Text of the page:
Riots Break Out in Jerusalem’s Old City During the Muslim Nebi Musa Festival

April 4, 1920

The Nebi Musa festival, a Muslim pilgrimage to the site believed by Muslims to be the grave of Moses (Musa is the Arabic name for Moses, who in addition to his importance in Jewish history/religion is also a Muslim prophet) near Jericho, erupts into violence that leaves five Jews and four Arabs dead after three days of fighting. Hundreds more, mostly Jews are wounded. The violence occurs amidst rising tensions in Arab-Jewish relations over increased Jewish immigration and attacks on outlying Jewish settlements in the Galilee. Speeches by Arab religious leaders during the festival lead to an outbreak of violent assaults on the city’s Jews.

In his memoirs, Ronald Storrs, the British Military governor of Jerusalem writes, “Enough that for the time all the carefully built relations of mutual understanding between British, Arabs and Jews seemed to flare away in an agony of fear and hatred. Our dispositions might perhaps have been better (though they had been approved by higher authority), but I have often wondered whether those who criticized us in Europe and America could have had the faintest conception of the steep, narrow and winding alleys within the Old City of Jerusalem, the series of steps up or down which no horse or car can ever pass, the deadly dark corners beyond which a whole family can be murdered out of sight or sound of a police post not a hundred yards away. What did they know of the nerves of Jerusalem, where in times of anxiety the sudden clatter on the stones of an empty petrol tin will produce a panic? The Police were but partially trained and wholly without tradition. There was no British Gendarmerie: we had not one single British Constable.” (Storrs, Ronald, The Memoirs of Sir Ronald Storrs, 1937, p. 348)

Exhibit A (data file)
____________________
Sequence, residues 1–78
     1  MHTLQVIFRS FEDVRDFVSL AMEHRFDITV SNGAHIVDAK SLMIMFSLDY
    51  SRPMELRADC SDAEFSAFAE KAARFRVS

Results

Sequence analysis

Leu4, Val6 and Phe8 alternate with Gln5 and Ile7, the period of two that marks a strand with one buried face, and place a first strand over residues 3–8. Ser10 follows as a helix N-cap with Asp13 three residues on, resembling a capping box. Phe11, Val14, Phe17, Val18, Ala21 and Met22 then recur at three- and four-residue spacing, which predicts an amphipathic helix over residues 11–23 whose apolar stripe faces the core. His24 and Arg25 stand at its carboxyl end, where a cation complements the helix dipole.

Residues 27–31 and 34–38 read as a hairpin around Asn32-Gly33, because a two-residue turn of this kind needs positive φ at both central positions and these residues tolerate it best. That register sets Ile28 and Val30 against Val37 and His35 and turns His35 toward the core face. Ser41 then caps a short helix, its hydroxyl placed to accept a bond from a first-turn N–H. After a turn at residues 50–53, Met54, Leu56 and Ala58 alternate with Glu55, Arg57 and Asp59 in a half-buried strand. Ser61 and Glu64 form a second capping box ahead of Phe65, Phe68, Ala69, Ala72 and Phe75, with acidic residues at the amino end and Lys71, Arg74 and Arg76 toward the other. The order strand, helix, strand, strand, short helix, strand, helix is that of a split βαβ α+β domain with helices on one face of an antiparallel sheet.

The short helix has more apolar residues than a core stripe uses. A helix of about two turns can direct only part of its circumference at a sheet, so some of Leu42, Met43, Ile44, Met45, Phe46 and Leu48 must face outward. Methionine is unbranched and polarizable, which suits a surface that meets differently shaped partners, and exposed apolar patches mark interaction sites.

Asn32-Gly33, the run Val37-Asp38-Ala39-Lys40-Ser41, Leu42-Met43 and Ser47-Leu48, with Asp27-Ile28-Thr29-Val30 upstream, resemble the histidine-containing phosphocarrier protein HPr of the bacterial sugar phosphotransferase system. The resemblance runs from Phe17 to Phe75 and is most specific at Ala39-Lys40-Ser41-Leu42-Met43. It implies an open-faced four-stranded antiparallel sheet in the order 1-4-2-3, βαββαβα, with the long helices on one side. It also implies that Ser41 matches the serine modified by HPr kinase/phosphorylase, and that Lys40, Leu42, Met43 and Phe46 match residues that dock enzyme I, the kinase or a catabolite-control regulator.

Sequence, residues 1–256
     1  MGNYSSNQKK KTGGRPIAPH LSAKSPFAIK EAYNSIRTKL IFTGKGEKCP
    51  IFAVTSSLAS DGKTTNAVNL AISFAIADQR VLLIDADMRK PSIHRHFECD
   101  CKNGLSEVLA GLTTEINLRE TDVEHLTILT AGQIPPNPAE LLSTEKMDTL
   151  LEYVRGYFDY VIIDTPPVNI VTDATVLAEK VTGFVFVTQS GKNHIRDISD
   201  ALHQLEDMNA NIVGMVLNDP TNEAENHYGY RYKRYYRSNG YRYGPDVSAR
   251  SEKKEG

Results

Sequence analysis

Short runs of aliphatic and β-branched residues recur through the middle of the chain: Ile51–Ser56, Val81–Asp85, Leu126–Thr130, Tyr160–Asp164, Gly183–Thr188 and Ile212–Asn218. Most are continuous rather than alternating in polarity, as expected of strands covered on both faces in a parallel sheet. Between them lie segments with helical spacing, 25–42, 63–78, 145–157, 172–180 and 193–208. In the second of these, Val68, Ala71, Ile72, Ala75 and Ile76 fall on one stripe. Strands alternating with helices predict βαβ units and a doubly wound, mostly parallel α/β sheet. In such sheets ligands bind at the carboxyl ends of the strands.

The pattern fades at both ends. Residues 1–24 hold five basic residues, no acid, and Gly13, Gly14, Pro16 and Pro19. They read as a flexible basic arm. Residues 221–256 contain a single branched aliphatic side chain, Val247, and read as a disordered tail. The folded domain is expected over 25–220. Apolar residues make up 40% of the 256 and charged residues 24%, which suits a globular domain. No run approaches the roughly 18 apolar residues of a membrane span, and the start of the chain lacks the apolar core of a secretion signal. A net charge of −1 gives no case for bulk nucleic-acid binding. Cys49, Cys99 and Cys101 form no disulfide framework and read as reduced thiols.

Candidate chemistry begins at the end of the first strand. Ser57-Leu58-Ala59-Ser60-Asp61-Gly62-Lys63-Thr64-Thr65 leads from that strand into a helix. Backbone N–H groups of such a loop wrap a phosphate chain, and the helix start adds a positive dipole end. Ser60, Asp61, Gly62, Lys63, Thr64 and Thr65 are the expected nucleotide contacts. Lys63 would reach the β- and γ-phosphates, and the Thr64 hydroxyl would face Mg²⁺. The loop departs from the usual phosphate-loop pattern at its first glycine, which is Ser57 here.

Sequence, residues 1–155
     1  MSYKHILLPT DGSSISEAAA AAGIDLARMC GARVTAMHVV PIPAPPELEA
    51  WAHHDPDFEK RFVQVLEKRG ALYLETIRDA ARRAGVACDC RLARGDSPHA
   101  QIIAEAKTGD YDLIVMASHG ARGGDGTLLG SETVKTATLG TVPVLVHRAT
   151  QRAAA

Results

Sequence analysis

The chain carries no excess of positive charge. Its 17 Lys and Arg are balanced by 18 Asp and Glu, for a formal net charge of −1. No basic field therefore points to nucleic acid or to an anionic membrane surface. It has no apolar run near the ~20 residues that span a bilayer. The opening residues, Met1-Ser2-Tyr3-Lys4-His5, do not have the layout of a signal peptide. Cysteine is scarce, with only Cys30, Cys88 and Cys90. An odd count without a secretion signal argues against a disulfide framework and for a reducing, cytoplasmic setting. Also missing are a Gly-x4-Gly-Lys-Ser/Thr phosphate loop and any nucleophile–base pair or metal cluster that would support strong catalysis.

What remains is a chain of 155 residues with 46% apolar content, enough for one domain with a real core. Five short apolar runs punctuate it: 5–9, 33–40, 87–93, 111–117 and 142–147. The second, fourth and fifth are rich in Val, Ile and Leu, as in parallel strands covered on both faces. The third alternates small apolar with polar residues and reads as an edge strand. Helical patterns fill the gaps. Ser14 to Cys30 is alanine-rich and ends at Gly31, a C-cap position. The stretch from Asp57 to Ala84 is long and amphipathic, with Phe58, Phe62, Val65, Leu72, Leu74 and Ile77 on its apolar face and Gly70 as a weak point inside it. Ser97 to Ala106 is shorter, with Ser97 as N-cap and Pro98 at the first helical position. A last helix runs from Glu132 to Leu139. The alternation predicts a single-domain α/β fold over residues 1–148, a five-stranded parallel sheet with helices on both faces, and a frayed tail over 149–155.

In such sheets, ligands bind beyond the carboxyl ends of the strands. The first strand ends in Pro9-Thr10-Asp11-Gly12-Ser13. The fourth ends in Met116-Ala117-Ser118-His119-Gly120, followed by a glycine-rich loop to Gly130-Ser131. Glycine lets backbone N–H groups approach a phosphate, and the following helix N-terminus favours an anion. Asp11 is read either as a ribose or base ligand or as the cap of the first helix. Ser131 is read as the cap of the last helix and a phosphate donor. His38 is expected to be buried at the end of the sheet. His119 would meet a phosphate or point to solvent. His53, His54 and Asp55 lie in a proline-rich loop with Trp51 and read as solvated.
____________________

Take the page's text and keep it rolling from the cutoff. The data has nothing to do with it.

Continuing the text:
The riots take place on the second day of Passover and lead, among other things, to the formation of the Haganah, the precursor to today’s Israel Defense Force in June of 1920 as well as the decision by the British to change from a military administration of Palestine to a civilian one.

In 1922, to reassure the Arab population of Palestine of Britain’s aim to be even-handed in managing the Mandate, Winston Churchill, then Colonial Secretary, publishes a policy statement asserting Britain’s goal not to make Palestine wholly Jewish or subordinate to the Arab population. Among other pledges, the 1922 White Paper ties the rate of Jewish immigration to the “economic absorptive capacity of the country.”

The photo shows the procession of the festival in Jerusalem in April 1920.

Photo source: G. Eric and Edith Matson Photograph Collection, Library of Congress